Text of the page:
11.
Int J Qual Health Care ; 33(3)2021 Jul 24.
Artigo em Inglês | MEDLINE | ID: mdl-34260690

RESUMO

BACKGROUND: Imaging for low back pain is widely regarded as a target for efforts to reduce low-value care. OBJECTIVE: We aimed to estimate the prevalence of the overuse and underuse of lumbar imaging in patients presenting with low back pain to the emergency department (ED). METHODS: This was a retrospective chart review study of five public hospital EDs in Sydney, Australia, in 2019-20. We reviewed the clinical charts of consecutive adult patients who presented with a complaint of low back pain and extracted clinical features relevant to a decision to request lumbar imaging. We estimated the proportion of encounters where a decision to request lumbar imaging was inappropriate (overuse) or where a clinician did not request an appropriate and informative lumbar imaging test when indicated (underuse). RESULTS: Six hundred and forty-nine patients presented with a complaint of low back pain, of which 158 (24.3%) were referred for imaging. Seventy-nine (12.2%) had a combination of features suggesting that lumbar imaging was indicated according to clinical guidelines. The prevalence of overuse and underuse of lumbar imaging was 8.8% (57 of 649 cases, 95% CI 6.8-11.2%) and 4.3% (28 of 649 cases, 95% CI 3.0-6.1%), respectively. Thirteen cases were classified as underuse because the patients were referred for uninformative imaging modalities (e.g. referred for radiography for suspected cauda equina syndrome). CONCLUSION: In this study of emergency care, there was evidence of not only overuse of lumbar imaging but also underuse through failure to request lumbar imaging when indicated or referral for an uninformative imaging modality. These three issues seem more important targets for quality improvement than solely focusing on overuse.


Assuntos
Dor Lombar , Adulto , Austrália , Serviço Hospitalar de Emergência , Humanos , Dor Lombar/diagnóstico por imagem , Radiografia , Estudos Retrospectivos
12.
BMC Public Health ; 21(1): 682, 2021 04 08.
Artigo em Inglês | MEDLINE | ID: mdl-33832463

RESUMO

BACKGROUND: Low back pain (LBP) is one of the most common reasons for seeking health care and is costly to the health care system. Recent evidence has shown that LBP care provided by many providers is divergent from guidelines and one reason may be patient's beliefs and expectations about treatment. Thus, examining the nature of patient beliefs and expectations regarding low back pain treatment will help coordinate efforts to improve consistency and quality of care. METHODS: This study was a cross-sectional population-based survey of adults living in Newfoundland, Canada. The survey included demographic information (e.g. age, gender, back pain status and care seeking behaviors) and assessed outcomes related to beliefs about the inevitable consequences of back pain with the validated back beliefs questionnaire as well as six additional questions relating beliefs about imaging, physical activity and medication. Surveys were mailed to 3000 households in July-August 2018 and responses collected until September 30th, 2018. RESULTS: Fout hundred twenty-eight surveys were returned (mean age 55 years (SD 14.6), 66% female, 90% had experienced an episode of LBP). The mean Back Beliefs Questionnaire score was 27.3 (SD 7.2), suggesting that people perceive back pain to have inevitable negative consequences. Large proportions of respondents held the following beliefs that are contrary to best available evidence: (i) having back pain means you will always have weakness in your back (49.3%), (ii) it will get progressively worse (48.0%), (iii) resting is good (41.4%) and (iv) x-rays or scans are necessary to get the best medical care for LBP (54.2%). CONCLUSIONS: A high proportion of the public believe LBP to have inevitable negative consequences and hold incorrect beliefs about diagnosis and management options, which is similar to findings from other countries. This presents challenges for clinicians and suggests that considering how to influence beliefs about LBP in the broader community could have value. Given the high prevalence of LBP and that many will consult a range of healthcare professionals, future efforts could consider using broad reaching public health campaigns that target patients, policy makers and all relevant health providers with specific content to change commonly held unhelpful beliefs.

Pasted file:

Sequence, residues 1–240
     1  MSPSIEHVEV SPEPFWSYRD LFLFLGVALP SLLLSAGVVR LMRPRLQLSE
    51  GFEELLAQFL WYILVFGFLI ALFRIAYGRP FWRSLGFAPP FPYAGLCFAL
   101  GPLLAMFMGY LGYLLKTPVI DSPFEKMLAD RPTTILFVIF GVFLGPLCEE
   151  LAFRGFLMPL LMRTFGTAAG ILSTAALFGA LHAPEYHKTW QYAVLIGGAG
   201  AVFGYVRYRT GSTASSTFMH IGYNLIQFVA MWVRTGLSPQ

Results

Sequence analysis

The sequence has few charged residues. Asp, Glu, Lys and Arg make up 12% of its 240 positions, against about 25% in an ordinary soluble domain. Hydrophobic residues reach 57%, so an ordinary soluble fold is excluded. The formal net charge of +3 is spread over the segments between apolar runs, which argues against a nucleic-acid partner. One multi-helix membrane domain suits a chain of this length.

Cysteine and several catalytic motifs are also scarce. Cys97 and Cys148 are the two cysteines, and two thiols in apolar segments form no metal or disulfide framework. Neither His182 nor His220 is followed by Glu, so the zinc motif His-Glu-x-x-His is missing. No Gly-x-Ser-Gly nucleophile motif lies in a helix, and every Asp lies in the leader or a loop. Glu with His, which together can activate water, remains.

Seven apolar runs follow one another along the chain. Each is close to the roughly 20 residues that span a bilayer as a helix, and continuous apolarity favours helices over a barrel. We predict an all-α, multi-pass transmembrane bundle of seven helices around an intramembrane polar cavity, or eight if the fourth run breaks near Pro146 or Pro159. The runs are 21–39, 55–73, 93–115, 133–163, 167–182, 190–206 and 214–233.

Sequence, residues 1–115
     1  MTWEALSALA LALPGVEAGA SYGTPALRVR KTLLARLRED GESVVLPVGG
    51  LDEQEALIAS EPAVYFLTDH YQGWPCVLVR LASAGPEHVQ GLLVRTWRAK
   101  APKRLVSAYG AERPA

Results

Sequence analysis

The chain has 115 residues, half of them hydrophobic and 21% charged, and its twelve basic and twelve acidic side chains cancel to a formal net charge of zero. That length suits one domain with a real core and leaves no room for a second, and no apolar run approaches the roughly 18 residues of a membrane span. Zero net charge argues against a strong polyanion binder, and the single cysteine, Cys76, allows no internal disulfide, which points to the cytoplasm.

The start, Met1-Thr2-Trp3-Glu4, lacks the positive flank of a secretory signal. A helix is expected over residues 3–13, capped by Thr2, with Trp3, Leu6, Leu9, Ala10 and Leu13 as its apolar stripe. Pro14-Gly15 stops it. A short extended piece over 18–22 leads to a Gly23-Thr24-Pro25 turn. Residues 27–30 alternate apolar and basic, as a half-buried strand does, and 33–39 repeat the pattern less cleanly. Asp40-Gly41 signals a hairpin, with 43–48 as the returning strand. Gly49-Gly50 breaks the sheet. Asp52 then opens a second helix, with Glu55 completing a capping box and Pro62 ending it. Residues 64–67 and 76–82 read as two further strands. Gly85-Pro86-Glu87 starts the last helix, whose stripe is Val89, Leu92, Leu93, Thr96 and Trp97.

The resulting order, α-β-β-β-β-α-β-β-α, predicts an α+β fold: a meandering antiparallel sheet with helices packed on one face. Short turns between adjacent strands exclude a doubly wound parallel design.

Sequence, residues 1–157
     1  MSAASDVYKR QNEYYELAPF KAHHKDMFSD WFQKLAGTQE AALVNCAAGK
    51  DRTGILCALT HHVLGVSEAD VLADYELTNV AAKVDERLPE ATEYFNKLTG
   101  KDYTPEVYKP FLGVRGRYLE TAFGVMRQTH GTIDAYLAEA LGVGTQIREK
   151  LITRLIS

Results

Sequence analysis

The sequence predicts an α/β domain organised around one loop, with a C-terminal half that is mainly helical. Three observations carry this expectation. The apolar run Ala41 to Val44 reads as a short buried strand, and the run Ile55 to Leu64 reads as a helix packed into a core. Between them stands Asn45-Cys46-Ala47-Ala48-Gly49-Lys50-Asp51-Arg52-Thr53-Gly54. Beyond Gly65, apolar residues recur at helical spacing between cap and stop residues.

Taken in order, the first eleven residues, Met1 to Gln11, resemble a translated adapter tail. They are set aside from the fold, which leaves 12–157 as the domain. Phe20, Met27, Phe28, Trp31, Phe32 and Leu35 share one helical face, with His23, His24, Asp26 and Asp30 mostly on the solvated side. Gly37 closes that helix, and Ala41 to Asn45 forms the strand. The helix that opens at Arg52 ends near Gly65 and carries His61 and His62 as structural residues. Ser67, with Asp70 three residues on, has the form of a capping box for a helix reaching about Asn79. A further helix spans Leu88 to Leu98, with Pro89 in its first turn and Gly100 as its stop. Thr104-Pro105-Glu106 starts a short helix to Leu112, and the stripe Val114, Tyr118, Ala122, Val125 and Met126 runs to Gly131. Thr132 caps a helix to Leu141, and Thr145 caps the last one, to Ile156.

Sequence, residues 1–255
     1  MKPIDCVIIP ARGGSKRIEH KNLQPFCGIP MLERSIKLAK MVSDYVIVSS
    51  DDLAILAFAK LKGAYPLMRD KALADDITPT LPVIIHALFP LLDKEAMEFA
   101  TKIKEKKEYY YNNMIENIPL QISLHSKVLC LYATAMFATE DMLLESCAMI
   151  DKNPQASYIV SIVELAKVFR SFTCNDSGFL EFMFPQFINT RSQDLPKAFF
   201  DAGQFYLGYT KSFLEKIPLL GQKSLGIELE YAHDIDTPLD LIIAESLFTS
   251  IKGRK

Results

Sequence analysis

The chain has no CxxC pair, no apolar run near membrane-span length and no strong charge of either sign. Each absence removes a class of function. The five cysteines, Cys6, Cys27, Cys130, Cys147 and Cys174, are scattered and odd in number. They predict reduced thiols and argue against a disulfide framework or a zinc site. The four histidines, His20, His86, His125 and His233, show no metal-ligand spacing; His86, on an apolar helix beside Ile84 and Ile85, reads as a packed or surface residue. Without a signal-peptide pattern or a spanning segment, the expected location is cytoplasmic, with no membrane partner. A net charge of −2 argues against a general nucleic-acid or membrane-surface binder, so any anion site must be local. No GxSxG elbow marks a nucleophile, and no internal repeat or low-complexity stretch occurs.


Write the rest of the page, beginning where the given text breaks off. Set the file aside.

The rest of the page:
Assuntos
Dor Lombar , Adulto , Canadá , Estudos Transversais , Feminino , Humanos , Dor Lombar/diagnóstico , Dor Lombar/terapia , Masculino , Pessoa de Meia-Idade , Terra Nova e Labrador , Prognóstico , Inquéritos e Questionários